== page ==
UH Cancer Center’s Native Hawaiian men’s health study highlights importance of culturally grounded prevention efforts

February 24, 2020

No Ke Ola Pono o Nā Kāne discussion group facilitators

The study results of the University of Hawaiʻi Cancer Center, No Ke Ola Pono o Nā Kāne (for the good health of men) project, conducted statewide in Hawaiʻi to promote health improvement in Native Hawaiian kāne (men) through culturally grounded approaches was published in the American Journal of Men’s Health .

The study perpetuated Native Hawaiian traditional practices of hale mua (men’s house) and community hui kūkākūkā (discussion groups) to promote healthy behaviors among Native Hawaiian kāne. The study also emphasized colon cancer prevention strategies such as using the fecal immunochemical test (FIT). Native Hawaiian kāne volunteers conducted peer-led interventions using the program’s educational components of standardized materials and four modules to guide the sessions. The module's topics covered lung, coloretal, and oronasopharyngeal cancers.

In partnership with Ke Ola Mamo, Oʻahu’s Native Hawaiian Health Care System, 378 kāne were recruited into the study from 2014 to 2018, and 232 participated in the colorectal discussion groups, of which 64% (149) were over age 50. Of the 149 colorectal discussion group participants, 31% had not discussed colon health or screening with their physicians, but 92% improved their knowledge about colon health from the sessions. In addition, 76% agreed to complete a FIT. Session evaluations also indicated that more than 91% of kāne liked the hale mua approach and benefited from talking with other kāne about their health.

“Early and regular screening for precancerous colon lesions can prevent nearly 90% of colon cancers. Our study results show that introducing FIT to kāne through community hui kūkākūkā may help fight the disease among kāne,” said Kevin Cassel, DrPH, study principal investigator and UH Cancer Center assistant researcher.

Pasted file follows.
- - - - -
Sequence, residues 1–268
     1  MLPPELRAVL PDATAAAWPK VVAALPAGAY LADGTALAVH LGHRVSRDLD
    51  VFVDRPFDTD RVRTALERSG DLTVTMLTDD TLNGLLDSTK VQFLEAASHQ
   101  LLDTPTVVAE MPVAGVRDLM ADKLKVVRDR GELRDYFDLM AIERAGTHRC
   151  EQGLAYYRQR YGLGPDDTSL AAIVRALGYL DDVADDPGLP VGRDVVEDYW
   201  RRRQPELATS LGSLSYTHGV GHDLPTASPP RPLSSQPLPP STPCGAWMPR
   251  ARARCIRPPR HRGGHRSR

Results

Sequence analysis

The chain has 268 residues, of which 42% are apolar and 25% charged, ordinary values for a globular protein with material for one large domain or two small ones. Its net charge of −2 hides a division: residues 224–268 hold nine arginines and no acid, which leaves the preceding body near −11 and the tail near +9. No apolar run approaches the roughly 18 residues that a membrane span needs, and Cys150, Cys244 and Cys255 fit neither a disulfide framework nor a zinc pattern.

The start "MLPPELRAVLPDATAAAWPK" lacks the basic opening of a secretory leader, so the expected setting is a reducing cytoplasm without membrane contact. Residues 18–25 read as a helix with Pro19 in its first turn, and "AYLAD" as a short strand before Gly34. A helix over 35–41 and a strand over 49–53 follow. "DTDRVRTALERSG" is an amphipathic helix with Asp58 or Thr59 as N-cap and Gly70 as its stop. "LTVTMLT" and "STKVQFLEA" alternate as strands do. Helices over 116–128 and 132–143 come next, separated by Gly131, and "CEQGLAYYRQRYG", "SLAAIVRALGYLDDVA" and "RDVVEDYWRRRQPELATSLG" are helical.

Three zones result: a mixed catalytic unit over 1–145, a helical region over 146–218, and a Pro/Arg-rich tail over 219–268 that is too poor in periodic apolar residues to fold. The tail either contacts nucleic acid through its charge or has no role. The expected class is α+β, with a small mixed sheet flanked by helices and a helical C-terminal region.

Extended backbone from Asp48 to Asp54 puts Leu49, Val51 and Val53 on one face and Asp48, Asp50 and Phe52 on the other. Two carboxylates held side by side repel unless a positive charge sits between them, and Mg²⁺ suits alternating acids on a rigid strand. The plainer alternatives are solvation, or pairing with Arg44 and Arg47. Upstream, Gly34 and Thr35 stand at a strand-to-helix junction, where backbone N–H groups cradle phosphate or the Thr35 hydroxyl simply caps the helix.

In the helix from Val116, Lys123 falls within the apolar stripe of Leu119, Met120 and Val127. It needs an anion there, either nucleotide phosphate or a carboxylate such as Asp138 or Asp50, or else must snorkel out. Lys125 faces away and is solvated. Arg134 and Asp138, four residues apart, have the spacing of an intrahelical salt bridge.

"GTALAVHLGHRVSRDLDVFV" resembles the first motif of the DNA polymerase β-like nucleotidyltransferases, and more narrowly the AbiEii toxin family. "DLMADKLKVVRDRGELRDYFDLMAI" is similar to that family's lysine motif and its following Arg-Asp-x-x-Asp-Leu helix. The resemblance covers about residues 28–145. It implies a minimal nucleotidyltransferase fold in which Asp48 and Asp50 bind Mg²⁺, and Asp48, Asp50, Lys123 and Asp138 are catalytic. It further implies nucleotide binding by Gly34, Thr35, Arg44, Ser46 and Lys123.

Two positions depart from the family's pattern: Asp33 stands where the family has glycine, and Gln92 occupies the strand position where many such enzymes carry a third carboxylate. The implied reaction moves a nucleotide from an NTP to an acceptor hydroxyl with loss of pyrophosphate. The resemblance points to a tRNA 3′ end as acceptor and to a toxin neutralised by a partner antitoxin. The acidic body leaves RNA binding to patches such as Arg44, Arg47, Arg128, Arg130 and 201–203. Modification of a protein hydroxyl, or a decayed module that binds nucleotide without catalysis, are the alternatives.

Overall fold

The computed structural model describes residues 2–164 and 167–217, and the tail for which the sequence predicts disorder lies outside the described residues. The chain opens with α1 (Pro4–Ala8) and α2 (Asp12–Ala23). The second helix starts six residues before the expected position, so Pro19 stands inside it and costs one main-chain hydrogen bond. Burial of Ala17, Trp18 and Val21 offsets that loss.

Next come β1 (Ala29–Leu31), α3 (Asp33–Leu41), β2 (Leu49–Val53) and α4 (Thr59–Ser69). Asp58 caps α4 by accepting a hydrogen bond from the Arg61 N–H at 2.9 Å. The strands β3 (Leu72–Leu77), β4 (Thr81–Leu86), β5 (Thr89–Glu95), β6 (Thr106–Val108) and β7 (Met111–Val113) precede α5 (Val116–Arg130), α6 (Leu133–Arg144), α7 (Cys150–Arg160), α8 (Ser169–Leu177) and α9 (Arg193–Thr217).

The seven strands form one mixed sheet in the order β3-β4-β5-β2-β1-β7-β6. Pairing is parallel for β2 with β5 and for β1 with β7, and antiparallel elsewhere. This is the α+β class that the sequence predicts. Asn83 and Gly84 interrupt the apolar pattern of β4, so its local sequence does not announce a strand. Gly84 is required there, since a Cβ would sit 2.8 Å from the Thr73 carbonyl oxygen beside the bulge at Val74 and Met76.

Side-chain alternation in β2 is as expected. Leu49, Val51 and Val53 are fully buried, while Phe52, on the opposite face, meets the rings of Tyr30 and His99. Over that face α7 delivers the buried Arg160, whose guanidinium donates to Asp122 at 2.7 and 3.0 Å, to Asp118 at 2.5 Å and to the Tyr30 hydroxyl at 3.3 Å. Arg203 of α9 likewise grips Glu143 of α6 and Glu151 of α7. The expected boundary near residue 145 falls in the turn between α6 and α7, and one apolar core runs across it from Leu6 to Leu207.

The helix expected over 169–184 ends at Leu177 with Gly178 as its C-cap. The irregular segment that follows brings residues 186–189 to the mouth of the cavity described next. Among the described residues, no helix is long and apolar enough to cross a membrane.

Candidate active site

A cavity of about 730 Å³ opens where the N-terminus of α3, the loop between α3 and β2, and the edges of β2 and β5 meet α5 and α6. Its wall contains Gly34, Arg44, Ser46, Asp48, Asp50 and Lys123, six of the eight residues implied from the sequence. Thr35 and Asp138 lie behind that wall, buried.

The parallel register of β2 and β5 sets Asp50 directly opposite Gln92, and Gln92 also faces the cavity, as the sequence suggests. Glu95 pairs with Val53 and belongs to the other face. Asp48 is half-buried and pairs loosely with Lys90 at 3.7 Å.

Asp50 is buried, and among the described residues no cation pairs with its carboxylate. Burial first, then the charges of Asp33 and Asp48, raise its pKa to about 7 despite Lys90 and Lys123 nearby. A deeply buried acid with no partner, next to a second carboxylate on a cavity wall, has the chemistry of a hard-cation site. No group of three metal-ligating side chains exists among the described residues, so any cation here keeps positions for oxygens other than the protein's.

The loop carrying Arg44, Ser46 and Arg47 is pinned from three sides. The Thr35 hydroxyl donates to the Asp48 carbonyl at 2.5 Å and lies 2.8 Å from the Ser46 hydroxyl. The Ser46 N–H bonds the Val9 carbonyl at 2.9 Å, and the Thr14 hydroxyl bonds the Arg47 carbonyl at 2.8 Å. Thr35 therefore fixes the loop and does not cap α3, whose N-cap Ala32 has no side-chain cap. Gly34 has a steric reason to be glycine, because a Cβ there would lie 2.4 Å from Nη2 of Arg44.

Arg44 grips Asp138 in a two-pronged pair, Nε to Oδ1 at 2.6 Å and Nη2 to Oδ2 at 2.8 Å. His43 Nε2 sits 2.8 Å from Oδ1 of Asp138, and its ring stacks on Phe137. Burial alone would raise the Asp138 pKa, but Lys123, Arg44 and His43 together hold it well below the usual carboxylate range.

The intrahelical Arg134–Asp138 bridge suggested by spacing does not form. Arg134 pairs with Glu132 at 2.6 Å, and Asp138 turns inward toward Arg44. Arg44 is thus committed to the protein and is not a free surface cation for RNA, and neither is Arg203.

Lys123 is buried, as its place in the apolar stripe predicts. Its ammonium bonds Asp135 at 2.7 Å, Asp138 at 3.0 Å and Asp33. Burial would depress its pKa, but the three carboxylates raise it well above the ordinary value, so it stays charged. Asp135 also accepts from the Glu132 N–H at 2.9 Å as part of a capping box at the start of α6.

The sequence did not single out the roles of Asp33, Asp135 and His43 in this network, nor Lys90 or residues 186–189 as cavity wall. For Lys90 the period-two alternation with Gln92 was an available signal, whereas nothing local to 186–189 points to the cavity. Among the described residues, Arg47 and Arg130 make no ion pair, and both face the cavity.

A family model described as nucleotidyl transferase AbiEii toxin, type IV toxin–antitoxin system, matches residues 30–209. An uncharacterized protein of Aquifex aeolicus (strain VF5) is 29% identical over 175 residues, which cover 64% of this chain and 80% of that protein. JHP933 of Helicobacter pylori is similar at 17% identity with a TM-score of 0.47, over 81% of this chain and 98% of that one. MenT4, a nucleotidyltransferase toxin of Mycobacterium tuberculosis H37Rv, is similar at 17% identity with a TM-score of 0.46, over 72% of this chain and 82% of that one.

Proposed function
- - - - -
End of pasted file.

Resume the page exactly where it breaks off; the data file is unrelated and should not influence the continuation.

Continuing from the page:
The major discussion themes at the peer-led interventions included healthy traditional Hawaiian lifestyle and the role of kāne in the Hawaiian family. In addition, discussions focused on knowledge, attitudes, and behaviors surrounding each session’s health promotion topics. Participants also noted appreciation for having a Native Hawaiian kauka (physician) present at every session.

The study highlights that in Hawaiʻi Native Hawaiians bear disproportionately higher rates of chronic illnesses including diabetes, cardiovascular diseases, obesity, and cancer compared to the overall state population. In addition, many Native Hawaiians live in rural communities where health care and recreation services are meager, distant, or non-existent.

“The culturally-based traditions of the hale mua and community hui kūkākūkā can be the foundation to address health disparities among kāne. It is important to continue future studies to explore these culturally-based approaches, and extend group discussion topics addressing health issues relevant to Native Hawaiian men,” said Nathan Wong, MD, study kauka and UH Cancer Center Native Hawaiian Community Advisory Board member.

“We plan to conduct additional studies to explore continued use of the hale mua approach to extend group discussion topics to address other health issues relevant to Native Hawaiian men,” stated Kevin Cassel, DrPH.